Miss America

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Miss America

Julia Webster, Staff Writer

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She walks down the aisle with grace, poise, and beauty. Her hips sway slightly as she takes her place among the other contestants. 52 beautiful women stand on the stage wearing gorgeous dresses and bright smiles. But only one will leave with the crown and a $50,000 scholarship. And on September 11th, Miss Savvy Shields from Arkansas took the title of Miss America 2017 on the platform “Eat Better, Live Better.”

The date made the performance particularly touching as Betty Cantrell, the previous Miss America from Georgia, paid tribute to the victims and survivors of 9/11 by singing Katy Perry’s inspirational song “Rise,” and Miss Maryland Hannah Brewer sang Lee Greenwood’s classic and patriotic song “God Bless the USA.”

This year the Miss America Pageant was held at the Boardwalk Hall in Atlantic City, New Jersey, maintaining the tradition of holding the pageant where it began. It all started with an innocuous “beauty contest” thought up by local businessmen in 1921 as a way to extend the summer tourist season. Originally, bathing suits were the only division, but as the popularity of the contest grew, other sections were added. The additional categories were evening gowns, a talent show, private interviews, and on-stage interviews. The evening gowns exhibit the contestant’s physical beauty and health, while the talent show displays their individuality. Inner beauty and personality are shown through the private interviews and the on-stage interviews demonstrate how the women act under pressure. Together, all of the areas portray each candidate’s whole self.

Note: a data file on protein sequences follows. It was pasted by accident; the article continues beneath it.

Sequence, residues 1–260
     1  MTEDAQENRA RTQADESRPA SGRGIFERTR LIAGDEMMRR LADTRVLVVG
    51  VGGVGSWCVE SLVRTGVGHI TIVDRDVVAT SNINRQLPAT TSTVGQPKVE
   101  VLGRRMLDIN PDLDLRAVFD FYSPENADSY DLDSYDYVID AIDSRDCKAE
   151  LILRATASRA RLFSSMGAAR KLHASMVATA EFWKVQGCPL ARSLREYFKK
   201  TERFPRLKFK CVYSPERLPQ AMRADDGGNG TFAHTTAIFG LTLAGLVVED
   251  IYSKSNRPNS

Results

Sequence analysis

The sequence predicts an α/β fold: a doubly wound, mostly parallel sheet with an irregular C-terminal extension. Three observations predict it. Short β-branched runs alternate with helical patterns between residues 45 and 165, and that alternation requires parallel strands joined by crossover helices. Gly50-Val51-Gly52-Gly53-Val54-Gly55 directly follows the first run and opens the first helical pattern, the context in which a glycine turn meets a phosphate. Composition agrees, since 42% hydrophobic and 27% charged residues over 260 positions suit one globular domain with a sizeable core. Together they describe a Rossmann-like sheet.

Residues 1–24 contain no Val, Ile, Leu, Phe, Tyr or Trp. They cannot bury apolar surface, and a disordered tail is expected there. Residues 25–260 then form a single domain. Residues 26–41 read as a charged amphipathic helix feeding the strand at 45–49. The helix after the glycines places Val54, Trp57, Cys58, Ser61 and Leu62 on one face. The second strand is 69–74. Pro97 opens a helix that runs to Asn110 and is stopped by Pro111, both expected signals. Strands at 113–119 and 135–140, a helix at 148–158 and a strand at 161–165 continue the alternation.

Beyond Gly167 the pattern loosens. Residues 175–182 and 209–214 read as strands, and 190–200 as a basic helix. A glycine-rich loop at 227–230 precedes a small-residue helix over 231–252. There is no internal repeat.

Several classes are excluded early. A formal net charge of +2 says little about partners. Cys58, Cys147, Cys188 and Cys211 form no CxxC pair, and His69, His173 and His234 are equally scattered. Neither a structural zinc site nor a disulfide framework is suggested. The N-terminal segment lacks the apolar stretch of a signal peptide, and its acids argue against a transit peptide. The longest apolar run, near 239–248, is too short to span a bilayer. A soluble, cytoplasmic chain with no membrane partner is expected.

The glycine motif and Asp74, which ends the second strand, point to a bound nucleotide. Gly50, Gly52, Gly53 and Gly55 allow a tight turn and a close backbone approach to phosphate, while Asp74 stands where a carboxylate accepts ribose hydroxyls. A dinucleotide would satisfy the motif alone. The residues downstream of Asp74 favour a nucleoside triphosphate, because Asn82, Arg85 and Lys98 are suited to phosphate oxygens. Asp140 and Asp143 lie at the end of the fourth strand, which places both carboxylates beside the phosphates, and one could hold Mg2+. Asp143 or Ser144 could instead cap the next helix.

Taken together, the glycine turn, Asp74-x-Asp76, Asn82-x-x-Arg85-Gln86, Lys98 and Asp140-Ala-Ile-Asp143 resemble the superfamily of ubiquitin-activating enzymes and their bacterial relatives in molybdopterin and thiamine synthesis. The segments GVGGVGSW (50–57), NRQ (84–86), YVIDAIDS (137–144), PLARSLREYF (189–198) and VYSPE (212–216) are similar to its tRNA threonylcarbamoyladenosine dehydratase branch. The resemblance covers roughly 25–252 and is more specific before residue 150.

Although the pageant started out as a “beauty contest,” it has since grown to be the biggest scholarship provider, and promoter of education for women. It is much more than a battle of beauty. Many people condescendingly look at Miss America as an organization that reduces women to objects instead of humans with emotions, but they are simply only looking at the surface. Miss America contestants donate tens of thousands of hours of their time to community service projects and bring awareness to current issues, and have raised over $13 million for Children’s Miracle Network Hospitals since 2007, according to their official website. It’s more than a crown, it’s a movement that arms women with the power to change the world.

When the nineteenth amendment was passed, granting women the right to vote, Miss America served as a powerful spokesman for women. It was uncommon for women to have a voice, but Miss America provided an outlet for them to finally speak out against limited women’s education, and the gender inequality of the workforce. The organization also stood as a supporter of the Civil Rights movement and helped with HIV/AID’s awareness at a controversial time.

Not only is Miss America as a whole influential, many of their contestants are bringing about change with their platforms, determination, and perseverance. The 2014 winner of Miss Kansas, Theresa Vail, exemplifies her platform, “Empowering Women: Overcoming Stereotypes and Breaking Barriers,” by being a section leader at Kansas Army National Guard Medical Department. In 2013, Miss Montana, Alexis Wineman, became the first contestant diagnosed with autism. She has worked hard over the past ten years to overcome her chronic shyness and speech impediments. Her platform, “Normal is just a dryer setting-Living with autism,” has helped her build awareness about autism and encourages people to reach for their dreams. Also in 2013, Nicole Kelly won Miss Iowa, and with her missing left forearm, made history as the first pageant winner missing a limb. Her platform, “Overcoming Disabilities,” brings focus to VSA, a program that enables people with special needs to get involved in the arts.

Miss America is so much more than a simple beauty contest. Its contestants volunteer thousands of hours in community service and each platform brings awareness to issues in our nation. Throughout its history, Miss America has been a pillar of women’s rights, empowerment and leadership. And the latest winner, Savvy Shields, is no different. So keep singing the theme song as you see our New Miss America walk across the stage.

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